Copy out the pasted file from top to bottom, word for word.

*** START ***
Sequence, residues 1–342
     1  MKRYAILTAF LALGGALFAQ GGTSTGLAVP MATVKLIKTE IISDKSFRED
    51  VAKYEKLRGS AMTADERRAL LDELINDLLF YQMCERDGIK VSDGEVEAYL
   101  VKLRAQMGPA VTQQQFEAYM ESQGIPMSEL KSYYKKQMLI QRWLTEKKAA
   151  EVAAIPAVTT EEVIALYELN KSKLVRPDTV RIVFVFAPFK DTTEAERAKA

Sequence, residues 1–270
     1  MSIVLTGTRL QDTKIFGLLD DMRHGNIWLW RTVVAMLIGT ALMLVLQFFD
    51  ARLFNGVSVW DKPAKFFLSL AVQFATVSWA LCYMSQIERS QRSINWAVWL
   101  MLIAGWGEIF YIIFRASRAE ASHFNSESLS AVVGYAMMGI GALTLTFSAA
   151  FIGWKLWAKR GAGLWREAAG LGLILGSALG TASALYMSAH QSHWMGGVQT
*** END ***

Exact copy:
Sequence, residues 1–342
     1  MKRYAILTAF LALGGALFAQ GGTSTGLAVP MATVKLIKTE IISDKSFRED
    51  VAKYEKLRGS AMTADERRAL LDELINDLLF YQMCERDGIK VSDGEVEAYL
   101  VKLRAQMGPA VTQQQFEAYM ESQGIPMSEL KSYYKKQMLI QRWLTEKKAA
   151  EVAAIPAVTT EEVIALYELN KSKLVRPDTV RIVFVFAPFK DTTEAERAKA

Sequence, residues 1–270
     1  MSIVLTGTRL QDTKIFGLLD DMRHGNIWLW RTVVAMLIGT ALMLVLQFFD
    51  ARLFNGVSVW DKPAKFFLSL AVQFATVSWA LCYMSQIERS QRSINWAVWL
   101  MLIAGWGEIF YIIFRASRAE ASHFNSESLS AVVGYAMMGI GALTLTFSAA
   151  FIGWKLWAKR GAGLWREAAG LGLILGSALG TASALYMSAH QSHWMGGVQT